The government has introduced regulations into the Senate surrounding the use of native timber wood waste for renewable energy production. The changes are jeopardising renewable energy project proposals and appear to be driven by an ideological opposition to harvesting native forests rather than environmental reasoning.
The Renewable Energy Target (RET) scheme was introduced in 2009 to ensure that 20 per cent of Australia’s electricity supply will come from renewable sources by 2020. This created a market for renewable energy certificates (RECs), which acted as an extra incentive to trade and invest in renewable energy projects.
Originally, electricity generated by using waste products from native wood processing was recognised under the RET scheme. The government claims that the proposed exclusion is designed to protect biodiversity in natural forests despite there being no evidence that biodiversity would be threatened by the carbon price and RET incentives. The proposed RET amendment would actively discourage the utilisation of a by-product of existing sustainable timber production and forgoes the related investment to secure renewable energy gains.
If the proposed amendments are made then native timber sawdust, offcuts and wood fibre will continue to be burnt, sold off cheaply or dumped in landfill. Perversely, some companies may opt to ‘pelletise’ wood waste in future and export it to countries where renewable energy credits are awarded to native forest bioenergy projects.
Impacted projects include a proposed $20 million investment at Eden on the South Coast of NSW. The South East Fibre Exports (SEFE) Bioenergy Project would be the largest investment on a single project in Eden’s history. It would utilise over 51,000 tonnes per annum of pine bark fine residues, hardwood fine residues, the chip mill’s own waste, sawmill sawdust and shavings.
The project would create 25,000 megawatt hours per annum, equivalent power to supply 3,000 houses. It would provide a peak of 50 jobs on site during 18 months construction, as well as ongoing employment for a plant superintendent and five trade-based plant operators, plus 20 indirect jobs.
Meanwhile, Australian Solar Timbers, near Kempsey in Northern NSW, is investigating a cogeneration plant to achieve energy self-sufficiency and feed into the general supply grid in the 5 to 10 megawatt range. AST plans to utilise bark, sawdust, export and local woodchip, milled offcuts.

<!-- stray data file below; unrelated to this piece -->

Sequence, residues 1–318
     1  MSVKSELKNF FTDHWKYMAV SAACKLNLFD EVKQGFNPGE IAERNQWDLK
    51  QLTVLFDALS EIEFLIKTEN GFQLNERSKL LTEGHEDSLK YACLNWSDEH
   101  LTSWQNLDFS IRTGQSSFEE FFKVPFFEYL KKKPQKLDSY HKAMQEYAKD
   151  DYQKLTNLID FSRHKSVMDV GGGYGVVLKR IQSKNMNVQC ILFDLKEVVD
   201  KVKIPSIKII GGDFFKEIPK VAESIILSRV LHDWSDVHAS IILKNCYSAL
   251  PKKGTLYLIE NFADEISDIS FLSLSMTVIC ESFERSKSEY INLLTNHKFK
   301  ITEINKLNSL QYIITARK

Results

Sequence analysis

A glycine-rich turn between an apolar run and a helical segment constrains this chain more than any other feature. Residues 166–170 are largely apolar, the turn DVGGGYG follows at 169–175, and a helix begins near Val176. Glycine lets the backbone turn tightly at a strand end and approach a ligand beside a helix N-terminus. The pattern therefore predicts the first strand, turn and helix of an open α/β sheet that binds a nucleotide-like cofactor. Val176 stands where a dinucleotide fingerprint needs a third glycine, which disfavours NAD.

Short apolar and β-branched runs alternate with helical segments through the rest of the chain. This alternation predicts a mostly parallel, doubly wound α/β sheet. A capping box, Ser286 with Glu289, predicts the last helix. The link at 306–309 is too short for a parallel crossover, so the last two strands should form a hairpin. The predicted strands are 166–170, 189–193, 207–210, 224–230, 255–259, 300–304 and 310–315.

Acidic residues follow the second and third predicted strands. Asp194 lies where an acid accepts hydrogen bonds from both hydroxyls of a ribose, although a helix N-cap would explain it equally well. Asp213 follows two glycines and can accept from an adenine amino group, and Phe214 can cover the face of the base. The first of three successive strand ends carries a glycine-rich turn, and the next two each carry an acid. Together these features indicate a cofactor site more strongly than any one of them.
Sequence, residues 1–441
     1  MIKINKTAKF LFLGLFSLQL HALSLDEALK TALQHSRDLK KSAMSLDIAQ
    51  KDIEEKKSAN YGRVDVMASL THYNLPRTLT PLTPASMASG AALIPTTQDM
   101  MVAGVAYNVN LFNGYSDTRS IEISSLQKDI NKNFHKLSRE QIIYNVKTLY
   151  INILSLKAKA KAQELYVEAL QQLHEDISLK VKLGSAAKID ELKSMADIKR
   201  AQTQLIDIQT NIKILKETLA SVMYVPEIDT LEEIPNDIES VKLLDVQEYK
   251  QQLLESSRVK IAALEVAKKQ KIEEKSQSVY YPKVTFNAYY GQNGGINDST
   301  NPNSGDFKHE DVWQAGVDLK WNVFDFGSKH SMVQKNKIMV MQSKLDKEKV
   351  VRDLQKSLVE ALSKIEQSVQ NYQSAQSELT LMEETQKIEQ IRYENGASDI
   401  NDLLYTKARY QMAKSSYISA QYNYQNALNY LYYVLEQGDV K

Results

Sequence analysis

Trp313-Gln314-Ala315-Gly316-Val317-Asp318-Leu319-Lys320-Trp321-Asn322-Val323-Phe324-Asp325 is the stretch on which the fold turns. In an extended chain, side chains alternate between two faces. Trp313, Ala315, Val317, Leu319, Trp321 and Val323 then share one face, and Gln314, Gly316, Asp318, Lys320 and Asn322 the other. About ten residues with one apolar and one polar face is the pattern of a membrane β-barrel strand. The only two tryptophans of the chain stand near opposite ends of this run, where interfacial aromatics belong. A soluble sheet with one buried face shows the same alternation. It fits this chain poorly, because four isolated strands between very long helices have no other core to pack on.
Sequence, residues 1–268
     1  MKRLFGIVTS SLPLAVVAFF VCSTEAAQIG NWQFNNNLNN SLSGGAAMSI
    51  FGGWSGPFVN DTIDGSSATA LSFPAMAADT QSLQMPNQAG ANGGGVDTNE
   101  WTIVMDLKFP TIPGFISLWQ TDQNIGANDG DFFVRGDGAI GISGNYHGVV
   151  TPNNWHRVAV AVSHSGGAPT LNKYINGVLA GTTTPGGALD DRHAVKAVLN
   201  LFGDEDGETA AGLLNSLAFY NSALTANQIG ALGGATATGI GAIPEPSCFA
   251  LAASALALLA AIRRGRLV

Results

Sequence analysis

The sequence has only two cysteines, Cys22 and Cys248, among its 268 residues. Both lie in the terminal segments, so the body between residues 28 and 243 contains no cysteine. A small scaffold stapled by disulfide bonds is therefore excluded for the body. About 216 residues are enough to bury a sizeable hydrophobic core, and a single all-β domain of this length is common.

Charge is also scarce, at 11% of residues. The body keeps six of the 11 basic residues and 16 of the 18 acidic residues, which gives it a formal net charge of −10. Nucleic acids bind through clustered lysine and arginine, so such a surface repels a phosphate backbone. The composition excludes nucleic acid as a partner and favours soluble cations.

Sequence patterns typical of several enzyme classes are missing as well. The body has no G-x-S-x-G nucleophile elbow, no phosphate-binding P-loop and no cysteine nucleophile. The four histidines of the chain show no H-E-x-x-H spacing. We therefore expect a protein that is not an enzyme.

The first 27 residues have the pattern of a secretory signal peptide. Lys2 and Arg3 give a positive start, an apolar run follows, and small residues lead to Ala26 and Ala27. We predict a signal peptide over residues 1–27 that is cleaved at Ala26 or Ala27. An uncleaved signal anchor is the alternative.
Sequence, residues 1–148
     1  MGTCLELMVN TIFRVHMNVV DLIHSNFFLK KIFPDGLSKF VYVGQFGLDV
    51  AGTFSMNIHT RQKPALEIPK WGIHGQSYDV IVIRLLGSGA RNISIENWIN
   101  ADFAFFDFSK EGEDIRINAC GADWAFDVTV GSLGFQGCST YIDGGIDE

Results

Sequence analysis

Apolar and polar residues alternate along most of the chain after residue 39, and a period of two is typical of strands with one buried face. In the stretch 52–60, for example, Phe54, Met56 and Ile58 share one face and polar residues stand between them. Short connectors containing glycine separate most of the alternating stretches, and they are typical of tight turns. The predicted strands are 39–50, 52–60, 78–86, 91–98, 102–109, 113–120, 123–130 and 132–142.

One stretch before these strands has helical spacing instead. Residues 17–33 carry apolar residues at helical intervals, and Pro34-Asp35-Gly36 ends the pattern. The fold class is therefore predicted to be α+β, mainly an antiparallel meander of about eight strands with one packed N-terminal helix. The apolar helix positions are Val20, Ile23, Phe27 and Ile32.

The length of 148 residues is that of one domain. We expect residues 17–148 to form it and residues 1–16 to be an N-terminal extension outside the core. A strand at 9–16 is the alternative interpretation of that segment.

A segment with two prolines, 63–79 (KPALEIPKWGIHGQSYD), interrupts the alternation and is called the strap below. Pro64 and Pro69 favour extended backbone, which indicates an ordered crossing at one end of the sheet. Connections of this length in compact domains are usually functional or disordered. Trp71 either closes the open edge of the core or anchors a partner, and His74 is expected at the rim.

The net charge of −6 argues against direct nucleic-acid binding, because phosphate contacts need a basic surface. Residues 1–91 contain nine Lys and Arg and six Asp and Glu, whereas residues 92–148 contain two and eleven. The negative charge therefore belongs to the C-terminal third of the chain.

AST was an international pioneer in solar kiln drying but still consumes approximately two megawatts of the entire Macleay Valley’s ten megawatt consumption. The company has discovered that it has the capacity to be more than energy self-sufficient by utilising existing residues which it currently sells as sawdust for boiler fuel to a locally based international firm, chip for export, chip for landscaping and milled product for potting mix to Sydney.
Similarly, Boral Timber has proposed projects near Port Macquarie, Murwillumbah and Kyogle, which may need to be reconsidered due to the regulation changes.
It is been estimated that there is enough woody biomass from forest industry activities in Australia to supply 3000 gigawatt hours of renewable energy per year from existing waste streams without harvesting a single extra tree. This is equivalent to seven per cent of the nation’s renewable energy target.
Despite Australia having the highest area of forest per capita of the developed nations, we lag behind in the use of bioenergy. It represents just 0.8 per cent of our energy production. In contrast, 13 per cent of Finland’s and 6 per cent of Denmark’s energy generation comes from bioenergy. Perhaps surprisingly, WWF International backs the use of wood waste from forestry in its report A Biomass Blueprint to Meet 15% Of OECD Electricity Demand By 2020.
The proposed amendments still need to be approved by Parliament. The industry has put its case forward and rebuked claims that the RECs would have any adverse impact on sustainable forest management practices and biodiversity values. The industry only wants to do something productive with an otherwise wasted by-product, which would have no influence on existing world best practices in forestry management.
The industry is keen to ensure that an adequate public discussion about this issue occurs as it is incongruous that the government’s Clean Energy Future (CEF) would discourage the use of a resource which otherwise would be burnt, disposed of in landfill or sold as lower value gardening products.
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